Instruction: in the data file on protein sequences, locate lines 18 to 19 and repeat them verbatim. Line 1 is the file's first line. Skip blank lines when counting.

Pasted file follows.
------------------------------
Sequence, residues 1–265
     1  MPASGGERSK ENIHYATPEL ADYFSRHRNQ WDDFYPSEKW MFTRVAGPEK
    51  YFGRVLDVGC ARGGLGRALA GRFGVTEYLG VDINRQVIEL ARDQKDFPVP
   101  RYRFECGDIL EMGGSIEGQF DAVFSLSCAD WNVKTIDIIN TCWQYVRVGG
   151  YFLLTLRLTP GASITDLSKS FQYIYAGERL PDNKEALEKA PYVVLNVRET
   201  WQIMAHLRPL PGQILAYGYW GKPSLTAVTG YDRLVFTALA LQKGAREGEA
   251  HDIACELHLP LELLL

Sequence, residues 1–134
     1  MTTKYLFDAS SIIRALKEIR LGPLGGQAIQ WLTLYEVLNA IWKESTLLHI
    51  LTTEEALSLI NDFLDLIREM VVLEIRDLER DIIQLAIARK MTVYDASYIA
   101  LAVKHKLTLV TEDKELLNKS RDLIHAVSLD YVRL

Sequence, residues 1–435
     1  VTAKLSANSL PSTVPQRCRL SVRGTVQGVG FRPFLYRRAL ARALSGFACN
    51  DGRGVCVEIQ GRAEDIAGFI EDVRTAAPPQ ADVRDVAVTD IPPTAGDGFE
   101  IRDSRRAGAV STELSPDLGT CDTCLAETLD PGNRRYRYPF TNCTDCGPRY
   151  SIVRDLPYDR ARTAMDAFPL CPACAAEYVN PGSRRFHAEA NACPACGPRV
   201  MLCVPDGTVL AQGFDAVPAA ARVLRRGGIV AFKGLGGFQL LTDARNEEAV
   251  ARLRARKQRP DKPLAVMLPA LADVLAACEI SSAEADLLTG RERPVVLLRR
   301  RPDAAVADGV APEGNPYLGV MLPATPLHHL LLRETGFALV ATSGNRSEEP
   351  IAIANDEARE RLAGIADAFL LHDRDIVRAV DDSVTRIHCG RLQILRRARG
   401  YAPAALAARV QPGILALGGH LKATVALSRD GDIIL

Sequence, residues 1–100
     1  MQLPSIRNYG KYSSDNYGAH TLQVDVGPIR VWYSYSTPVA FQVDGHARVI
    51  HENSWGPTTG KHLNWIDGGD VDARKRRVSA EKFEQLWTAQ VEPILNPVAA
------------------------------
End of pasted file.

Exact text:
   251  ARLRARKQRP DKPLAVMLPA LADVLAACEI SSAEADLLTG RERPVVLLRR
   301  RPDAAVADGV APEGNPYLGV MLPATPLHHL LLRETGFALV ATSGNRSEEP